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Spaceport America Gets FAA License 61

DynaSoar writes "Spaceport America received an early and double holiday gift this week: first, the expected (positive) FAA environmental impact report, and second, the hoped-for but not immediately expected 'launch site operator's license.' With this license, and with the previously accomplished creation of a tax district, two of three pieces are in place as required by the New Mexico legislature to receive its funding package. The third, a lease with a space services tenant to use the facility, may come this week also, in the form of a contract with Virgin Galactic. While timing is impossible to predict, the contract is a virtual certainty. The New Mexico Spaceport Authority fully expects it, and so has projected late 2010 for completion of hangar and terminal facilities. Virgin Galactic also seems confident, as they have already screened and submitted their first 100 customers (called the Virgin Galactic Founders) to their contracted medical and training supervisor. They are busy screening their second 100 'spaceflight participants' (NASA and RKA having decided that only those who can tack 'career' on the front of it deserve to be called 'astronauts')."
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Spaceport America Gets FAA License

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  • Tourists? (Score:3, Interesting)

    by fantomas ( 94850 ) on Wednesday December 17, 2008 @06:39AM (#26143389)

    Well, probably "space tourists" til the first couple of hundred go up and down successfully and the astronauts wings given out go from being solid steel with gold plating down to plastic clip on models made in taiwan in toy factories... then I think the media will just call them "tourists".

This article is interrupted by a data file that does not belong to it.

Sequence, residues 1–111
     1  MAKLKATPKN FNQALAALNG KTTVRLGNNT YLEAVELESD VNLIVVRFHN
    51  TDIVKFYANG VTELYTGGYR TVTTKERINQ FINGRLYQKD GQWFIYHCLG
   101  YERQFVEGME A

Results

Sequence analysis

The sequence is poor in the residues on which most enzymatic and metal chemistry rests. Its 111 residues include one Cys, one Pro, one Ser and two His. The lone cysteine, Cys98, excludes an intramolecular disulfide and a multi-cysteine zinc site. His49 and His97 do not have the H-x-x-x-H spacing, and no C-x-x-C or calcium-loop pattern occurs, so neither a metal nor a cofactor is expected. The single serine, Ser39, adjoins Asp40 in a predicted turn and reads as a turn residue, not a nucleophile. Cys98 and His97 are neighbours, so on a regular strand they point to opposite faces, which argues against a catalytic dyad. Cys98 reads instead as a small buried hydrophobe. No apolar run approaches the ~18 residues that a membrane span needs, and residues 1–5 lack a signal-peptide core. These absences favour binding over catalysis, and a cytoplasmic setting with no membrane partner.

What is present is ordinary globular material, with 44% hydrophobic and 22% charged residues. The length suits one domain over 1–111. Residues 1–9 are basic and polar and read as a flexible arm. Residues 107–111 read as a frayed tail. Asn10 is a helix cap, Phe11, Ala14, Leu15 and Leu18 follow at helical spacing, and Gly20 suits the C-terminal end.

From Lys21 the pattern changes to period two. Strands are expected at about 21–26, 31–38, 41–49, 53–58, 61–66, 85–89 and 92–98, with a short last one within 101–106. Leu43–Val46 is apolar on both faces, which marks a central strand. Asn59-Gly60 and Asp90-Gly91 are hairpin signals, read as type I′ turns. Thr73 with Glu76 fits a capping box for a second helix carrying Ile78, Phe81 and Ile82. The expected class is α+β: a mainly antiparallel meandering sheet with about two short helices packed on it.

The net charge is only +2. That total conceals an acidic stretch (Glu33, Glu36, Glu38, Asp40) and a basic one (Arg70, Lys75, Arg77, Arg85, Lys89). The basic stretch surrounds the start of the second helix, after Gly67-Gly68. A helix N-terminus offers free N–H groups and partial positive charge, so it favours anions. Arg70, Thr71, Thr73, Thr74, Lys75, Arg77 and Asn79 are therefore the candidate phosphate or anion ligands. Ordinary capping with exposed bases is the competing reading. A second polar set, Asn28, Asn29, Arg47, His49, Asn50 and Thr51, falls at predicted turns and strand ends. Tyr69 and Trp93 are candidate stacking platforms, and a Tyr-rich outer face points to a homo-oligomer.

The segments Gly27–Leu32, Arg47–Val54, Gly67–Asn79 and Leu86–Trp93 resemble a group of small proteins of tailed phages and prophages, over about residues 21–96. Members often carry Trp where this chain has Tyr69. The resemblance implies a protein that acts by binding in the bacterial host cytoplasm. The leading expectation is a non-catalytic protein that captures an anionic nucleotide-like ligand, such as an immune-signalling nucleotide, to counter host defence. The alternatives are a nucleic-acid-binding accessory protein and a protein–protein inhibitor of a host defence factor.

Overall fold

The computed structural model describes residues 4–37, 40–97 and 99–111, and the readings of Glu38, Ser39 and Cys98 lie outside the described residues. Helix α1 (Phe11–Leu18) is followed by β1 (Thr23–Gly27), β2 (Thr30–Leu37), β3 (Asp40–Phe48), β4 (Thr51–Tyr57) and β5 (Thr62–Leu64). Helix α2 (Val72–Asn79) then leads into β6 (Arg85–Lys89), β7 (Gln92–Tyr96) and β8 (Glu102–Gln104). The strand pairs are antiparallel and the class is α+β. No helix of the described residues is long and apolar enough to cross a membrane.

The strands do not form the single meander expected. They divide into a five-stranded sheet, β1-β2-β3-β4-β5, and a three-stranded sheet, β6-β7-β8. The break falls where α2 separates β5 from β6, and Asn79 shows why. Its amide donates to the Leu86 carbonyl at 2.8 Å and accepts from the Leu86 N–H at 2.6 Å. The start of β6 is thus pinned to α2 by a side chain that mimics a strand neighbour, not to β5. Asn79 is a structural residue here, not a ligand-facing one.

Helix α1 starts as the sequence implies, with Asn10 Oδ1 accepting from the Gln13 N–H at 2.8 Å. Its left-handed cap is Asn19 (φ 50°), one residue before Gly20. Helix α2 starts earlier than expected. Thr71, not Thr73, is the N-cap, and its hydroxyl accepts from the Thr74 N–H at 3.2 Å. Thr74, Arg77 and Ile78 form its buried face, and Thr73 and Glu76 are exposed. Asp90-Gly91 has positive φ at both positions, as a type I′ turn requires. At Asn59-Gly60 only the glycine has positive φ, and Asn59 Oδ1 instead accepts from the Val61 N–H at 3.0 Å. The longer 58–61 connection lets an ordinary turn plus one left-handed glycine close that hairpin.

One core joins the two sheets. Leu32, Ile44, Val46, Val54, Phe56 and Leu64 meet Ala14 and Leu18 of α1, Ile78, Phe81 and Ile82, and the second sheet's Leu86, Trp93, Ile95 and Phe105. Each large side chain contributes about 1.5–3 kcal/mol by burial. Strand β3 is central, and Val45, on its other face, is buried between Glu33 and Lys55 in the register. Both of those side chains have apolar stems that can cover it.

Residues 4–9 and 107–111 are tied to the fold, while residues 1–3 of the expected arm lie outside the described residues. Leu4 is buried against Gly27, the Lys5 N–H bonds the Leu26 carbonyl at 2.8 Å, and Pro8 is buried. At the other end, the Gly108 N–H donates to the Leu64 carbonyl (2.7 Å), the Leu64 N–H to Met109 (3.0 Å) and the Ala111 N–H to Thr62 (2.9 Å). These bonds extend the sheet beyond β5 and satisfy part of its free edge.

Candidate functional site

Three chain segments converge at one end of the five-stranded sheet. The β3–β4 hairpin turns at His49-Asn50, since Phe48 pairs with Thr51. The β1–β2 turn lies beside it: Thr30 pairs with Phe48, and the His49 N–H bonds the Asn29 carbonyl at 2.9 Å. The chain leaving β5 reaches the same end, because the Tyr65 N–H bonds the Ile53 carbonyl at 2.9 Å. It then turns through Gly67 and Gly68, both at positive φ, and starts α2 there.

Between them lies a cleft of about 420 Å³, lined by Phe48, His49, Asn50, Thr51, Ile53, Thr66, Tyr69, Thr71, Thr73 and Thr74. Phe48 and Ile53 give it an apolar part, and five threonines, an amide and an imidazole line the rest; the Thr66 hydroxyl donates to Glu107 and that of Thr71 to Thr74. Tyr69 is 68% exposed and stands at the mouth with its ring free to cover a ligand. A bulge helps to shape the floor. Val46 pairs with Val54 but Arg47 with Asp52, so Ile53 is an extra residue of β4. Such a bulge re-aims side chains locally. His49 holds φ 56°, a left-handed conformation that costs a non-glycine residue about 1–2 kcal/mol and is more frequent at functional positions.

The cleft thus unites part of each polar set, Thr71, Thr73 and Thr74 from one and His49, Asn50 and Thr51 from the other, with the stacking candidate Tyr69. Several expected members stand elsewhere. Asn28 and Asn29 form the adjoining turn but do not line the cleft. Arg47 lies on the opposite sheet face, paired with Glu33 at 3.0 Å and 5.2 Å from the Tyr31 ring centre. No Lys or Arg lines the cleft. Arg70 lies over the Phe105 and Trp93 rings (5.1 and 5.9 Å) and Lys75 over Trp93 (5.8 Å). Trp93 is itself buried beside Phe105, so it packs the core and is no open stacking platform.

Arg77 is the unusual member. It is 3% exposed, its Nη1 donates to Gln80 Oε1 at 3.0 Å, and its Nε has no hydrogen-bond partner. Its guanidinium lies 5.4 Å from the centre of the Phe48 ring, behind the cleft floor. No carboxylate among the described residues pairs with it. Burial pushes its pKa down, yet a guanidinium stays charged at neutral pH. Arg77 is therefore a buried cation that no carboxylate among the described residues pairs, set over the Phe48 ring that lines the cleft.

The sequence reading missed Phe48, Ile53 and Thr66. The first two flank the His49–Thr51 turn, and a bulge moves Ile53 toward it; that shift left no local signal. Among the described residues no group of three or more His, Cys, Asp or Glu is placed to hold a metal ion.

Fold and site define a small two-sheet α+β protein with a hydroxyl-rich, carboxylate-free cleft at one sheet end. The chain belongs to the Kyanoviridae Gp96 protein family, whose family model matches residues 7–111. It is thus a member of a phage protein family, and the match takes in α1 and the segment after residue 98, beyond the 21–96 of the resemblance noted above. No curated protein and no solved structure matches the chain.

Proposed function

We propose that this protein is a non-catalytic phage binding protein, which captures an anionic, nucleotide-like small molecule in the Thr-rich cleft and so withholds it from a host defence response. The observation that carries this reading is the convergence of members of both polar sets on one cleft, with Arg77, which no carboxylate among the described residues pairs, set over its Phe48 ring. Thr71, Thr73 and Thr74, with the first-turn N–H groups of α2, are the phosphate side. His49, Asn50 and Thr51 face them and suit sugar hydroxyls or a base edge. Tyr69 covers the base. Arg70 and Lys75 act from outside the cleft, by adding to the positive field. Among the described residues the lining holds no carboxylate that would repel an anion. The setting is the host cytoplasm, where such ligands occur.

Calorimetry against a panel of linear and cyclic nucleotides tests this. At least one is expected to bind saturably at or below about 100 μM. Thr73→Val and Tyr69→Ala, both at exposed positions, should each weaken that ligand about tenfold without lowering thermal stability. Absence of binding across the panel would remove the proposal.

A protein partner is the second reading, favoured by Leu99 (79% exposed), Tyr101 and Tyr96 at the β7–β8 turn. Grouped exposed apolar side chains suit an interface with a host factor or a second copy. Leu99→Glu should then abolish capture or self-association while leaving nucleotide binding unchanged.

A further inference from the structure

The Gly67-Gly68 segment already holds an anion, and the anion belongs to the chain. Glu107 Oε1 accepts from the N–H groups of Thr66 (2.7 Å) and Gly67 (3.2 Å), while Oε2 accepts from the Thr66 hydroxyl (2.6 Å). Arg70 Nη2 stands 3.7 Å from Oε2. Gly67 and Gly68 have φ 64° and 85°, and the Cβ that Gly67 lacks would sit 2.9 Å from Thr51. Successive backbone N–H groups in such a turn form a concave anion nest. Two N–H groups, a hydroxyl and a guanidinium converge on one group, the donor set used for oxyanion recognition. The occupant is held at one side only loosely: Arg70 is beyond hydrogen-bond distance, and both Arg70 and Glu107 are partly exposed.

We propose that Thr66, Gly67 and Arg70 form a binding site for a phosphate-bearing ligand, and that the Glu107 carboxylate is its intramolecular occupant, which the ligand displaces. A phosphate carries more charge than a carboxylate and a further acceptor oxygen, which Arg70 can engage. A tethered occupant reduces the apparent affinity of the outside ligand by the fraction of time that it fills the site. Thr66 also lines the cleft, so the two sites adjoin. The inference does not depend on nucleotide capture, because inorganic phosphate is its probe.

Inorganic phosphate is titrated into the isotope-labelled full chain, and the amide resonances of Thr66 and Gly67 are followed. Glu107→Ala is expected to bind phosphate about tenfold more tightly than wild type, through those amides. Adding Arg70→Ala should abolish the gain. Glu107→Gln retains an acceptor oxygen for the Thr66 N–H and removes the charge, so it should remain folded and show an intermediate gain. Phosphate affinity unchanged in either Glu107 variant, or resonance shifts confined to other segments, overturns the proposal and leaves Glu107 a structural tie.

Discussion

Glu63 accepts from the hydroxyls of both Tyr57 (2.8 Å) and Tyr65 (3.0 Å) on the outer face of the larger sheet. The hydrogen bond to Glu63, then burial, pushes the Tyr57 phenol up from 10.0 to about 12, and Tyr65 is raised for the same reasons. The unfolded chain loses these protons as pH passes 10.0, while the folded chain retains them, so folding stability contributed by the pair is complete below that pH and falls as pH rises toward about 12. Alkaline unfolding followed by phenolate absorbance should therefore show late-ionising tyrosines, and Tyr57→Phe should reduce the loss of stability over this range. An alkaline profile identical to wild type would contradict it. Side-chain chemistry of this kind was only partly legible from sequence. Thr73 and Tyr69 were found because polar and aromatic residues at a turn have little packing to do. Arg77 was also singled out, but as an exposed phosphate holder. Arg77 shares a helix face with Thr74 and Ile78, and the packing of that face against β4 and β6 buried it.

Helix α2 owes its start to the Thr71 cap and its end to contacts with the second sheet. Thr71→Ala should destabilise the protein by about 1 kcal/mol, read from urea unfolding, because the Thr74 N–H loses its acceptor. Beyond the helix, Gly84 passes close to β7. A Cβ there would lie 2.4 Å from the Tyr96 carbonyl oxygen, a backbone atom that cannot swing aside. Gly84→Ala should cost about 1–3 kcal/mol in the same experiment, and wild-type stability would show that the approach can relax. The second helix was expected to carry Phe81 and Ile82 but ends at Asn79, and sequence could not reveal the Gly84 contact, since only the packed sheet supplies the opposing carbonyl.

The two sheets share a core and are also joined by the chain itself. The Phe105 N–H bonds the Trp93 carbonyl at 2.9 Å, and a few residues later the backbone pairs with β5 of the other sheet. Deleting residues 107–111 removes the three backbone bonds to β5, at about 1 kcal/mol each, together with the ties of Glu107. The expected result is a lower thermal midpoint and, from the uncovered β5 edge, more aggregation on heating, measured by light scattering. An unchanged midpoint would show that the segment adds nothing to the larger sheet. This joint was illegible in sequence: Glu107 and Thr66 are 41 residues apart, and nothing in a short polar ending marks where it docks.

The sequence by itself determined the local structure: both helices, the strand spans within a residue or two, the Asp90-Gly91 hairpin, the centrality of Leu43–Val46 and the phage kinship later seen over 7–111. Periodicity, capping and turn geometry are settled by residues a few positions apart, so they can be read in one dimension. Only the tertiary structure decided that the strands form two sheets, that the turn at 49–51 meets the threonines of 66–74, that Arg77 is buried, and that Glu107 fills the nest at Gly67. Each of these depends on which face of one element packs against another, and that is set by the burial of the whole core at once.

Last time I went to the USA people called me a "tourist" not an "airplane tourist" or a "USA tourist".

  • by PolarBearFire ( 1176791 ) on Wednesday December 17, 2008 @06:52AM (#26143443)
    I'm I missing something or does this spaceport not actually connect to anything? Ironically you would be travelling the most distance in your life and end not going anywhere. Anyway, hope this will bring actual space travel to the moon, planets, I would even settle for a station on Earth orbit, closer to most people.
  • by CRCulver ( 715279 ) <> on Wednesday December 17, 2008 @07:04AM (#26143489) Homepage

    Ironically you would be travelling the most distance in your life and end not going anywhere.

    Wasn't it Robert Heinlein who said that once you're in orbit, you're halfway to anywhere? In any event, getting into orbit makes it faster to reach any other point on Earth than with traditional jet aircraft. In his 1996 novel Firestar [] , the first volume of a future history on the development of private space travel, Michael Flynn foresaw FedEx being one of the first patrons of spaceports, so that it could deliver urgent parcels faster. That was always an unreasonable expectation, and with the economic downturn it's even less likely, but perhaps other needs for getting into orbit to get elsewhere will arise.

  • by DynaSoar ( 714234 ) on Wednesday December 17, 2008 @11:43AM (#26145843) Journal

    I don't know. I went to school in Las Cruces (NMSU) and Dona Ana county is pretty damn poor other than those associated with either the Uni or White Sands. At the time (~1994) they were just starting to talk about a space port. For them to be willing to take a chance on something like this through a self imposed sales tax increase is commendable. The at least partial funding from the local tax base will keep local oversight fairly high. Granted it is construction so by default its corrupt, but I've seen how the areas has transformed since the early 90s and its impressive. I think it has been money very well spent and as long as it totally doesn't fall through will be a huge boom economically for the area. They've probably doubled the number of Sonics and Weinerschniztles(sp?) in town since I was there and anyone can a test to that being the true measure for economic strength for a town in the southwest.

    The local tax district isn't supposed to carry the place, it's just supposed to show willingness of the locals, and later when there's significant tourist travel, THEN they'll be able to contribute more. For now it was enough to get it started so NM would fund the majority of the construction. It's a speculative investment by the state, which hopes to see returns if things work out.

  • Re:Yes, astronauts (Score:2, Interesting)

    by RalphTheWonderLlama ( 927434 ) on Wednesday December 17, 2008 @01:09PM (#26147411) Homepage

    So we should change the definition because that one is stupid. In my opinion, the name of the career is astronaut and even ones that don't get into space should be called that. There can be another name for people that go X miles high... or there doesn't have to be a name at all. They are just the people that have been X miles high, or "in space".

God made the integers; all else is the work of Man. -- Kronecker